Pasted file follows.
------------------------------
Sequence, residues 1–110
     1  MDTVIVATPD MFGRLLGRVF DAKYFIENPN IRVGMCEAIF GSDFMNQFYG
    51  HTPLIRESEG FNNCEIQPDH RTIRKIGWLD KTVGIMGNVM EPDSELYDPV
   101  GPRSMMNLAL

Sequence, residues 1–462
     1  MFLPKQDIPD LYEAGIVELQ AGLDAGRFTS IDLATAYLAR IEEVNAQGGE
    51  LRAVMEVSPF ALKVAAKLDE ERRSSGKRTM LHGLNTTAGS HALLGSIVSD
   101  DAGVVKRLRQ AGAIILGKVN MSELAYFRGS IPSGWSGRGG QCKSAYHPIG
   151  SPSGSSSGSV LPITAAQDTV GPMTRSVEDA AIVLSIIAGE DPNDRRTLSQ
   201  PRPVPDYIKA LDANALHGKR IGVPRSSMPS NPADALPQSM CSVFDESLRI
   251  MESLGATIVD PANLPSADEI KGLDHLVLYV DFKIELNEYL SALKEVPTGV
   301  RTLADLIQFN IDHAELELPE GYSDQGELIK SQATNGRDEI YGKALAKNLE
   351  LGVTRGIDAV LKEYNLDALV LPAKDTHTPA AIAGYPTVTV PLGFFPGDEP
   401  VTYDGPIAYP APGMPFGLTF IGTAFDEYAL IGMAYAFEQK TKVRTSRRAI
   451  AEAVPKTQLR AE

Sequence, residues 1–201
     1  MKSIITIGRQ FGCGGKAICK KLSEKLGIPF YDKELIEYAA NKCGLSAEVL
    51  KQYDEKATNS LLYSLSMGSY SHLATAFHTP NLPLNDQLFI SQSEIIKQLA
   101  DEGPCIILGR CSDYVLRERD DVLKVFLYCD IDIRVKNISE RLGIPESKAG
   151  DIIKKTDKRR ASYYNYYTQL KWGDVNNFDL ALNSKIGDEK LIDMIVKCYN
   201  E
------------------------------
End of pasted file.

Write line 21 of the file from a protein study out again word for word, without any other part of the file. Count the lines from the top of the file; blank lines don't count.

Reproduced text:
   201  E